Abbas Kiarostami and his assistant, Seifollah Samadian, travel to Kampala, Uganda at the request of the UN’s International Fund for Agricultural Development. For ten days, their camera captures and caresses the faces of a thousand children – all orphans – whose parents have died of AIDS. Recording tears and laughter, music and silence, life and death, the film attests to Africa’s sunny resilience in the face of so much suffering and disease.
Some have dismissed Kiarostami’s documentary about children in Uganda orphaned by AIDS and civil war as ‘conventional’; but how conventional is such a film when a few minutes only are devoted to depicting human suffering? Here, most of the kids on view – and adults, for that matter – are dancing, singing, joking and acting up for the DV camera. As such, even though the film was commissioned by the UN’s International Fund for Agricultural Development in order to draw attention to a programme of teaching self-help and home economics to women who agree to adopt orphans, it’s firmly in the tradition of Kiarostami’s earlier work about children. It’s an unsentimental, but finally very moving celebration of innocence, courage, resilience and beauty; and there’s even a witty, wonderfully enthralling and subtly appropriate sequence involving an electricity blackout and a thunderstorm, a dazzlingly cinematic bit of formal play which also reflects perceptively and poetically both on the kids’ lives and on cinema itself.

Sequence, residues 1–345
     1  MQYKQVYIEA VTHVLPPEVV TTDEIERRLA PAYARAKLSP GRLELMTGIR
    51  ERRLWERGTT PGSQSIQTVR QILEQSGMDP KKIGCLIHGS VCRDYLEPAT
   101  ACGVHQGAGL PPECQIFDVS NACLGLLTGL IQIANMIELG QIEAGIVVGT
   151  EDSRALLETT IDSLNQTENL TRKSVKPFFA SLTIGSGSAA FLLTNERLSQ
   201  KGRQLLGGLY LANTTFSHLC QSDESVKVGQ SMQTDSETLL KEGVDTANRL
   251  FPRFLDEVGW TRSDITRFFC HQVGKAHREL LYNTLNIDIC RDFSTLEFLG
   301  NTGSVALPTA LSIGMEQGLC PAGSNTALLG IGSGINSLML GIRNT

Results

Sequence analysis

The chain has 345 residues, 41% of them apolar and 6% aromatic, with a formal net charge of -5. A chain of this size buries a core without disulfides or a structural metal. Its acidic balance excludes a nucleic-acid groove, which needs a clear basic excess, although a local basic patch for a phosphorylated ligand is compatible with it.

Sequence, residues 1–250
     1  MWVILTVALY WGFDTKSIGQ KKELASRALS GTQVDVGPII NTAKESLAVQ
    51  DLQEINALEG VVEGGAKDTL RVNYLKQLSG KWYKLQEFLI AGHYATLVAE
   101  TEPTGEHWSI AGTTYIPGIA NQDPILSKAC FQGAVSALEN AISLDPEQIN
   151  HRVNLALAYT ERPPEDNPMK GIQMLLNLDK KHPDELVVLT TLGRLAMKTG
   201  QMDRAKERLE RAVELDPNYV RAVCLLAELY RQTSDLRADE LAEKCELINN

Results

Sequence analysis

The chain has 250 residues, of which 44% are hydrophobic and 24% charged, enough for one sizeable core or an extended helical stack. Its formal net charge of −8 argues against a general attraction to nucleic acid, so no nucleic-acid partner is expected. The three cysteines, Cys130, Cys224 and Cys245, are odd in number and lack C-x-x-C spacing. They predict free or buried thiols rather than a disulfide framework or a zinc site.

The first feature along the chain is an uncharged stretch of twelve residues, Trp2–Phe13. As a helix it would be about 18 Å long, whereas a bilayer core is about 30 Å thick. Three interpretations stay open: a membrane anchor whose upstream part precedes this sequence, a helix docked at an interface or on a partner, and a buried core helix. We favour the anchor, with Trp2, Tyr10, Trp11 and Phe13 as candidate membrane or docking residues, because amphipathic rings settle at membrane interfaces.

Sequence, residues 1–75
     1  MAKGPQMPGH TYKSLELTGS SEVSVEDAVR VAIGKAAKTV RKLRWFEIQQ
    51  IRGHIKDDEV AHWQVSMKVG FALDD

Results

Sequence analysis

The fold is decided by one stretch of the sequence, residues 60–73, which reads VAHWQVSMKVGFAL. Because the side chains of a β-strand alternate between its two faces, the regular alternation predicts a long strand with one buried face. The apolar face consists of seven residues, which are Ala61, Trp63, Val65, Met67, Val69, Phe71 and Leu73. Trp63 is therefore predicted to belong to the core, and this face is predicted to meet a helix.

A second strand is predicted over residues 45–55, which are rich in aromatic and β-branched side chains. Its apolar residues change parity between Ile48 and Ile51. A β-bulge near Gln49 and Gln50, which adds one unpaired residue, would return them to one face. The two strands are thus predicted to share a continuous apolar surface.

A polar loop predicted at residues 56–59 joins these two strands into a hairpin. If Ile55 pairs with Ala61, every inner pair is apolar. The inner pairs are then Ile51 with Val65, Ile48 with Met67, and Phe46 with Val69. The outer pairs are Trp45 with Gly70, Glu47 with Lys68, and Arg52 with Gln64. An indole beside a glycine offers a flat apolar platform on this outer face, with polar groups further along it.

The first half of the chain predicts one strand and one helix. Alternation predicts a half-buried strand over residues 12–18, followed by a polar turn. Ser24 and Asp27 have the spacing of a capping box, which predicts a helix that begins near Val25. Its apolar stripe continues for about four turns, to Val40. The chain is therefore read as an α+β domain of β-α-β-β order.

Abbas Kiarostami – The Art of Living (54minutes, English subs)
1.17GB | 1h 24mn | 716×537 | mkv
Subtitles: English (hardcoded)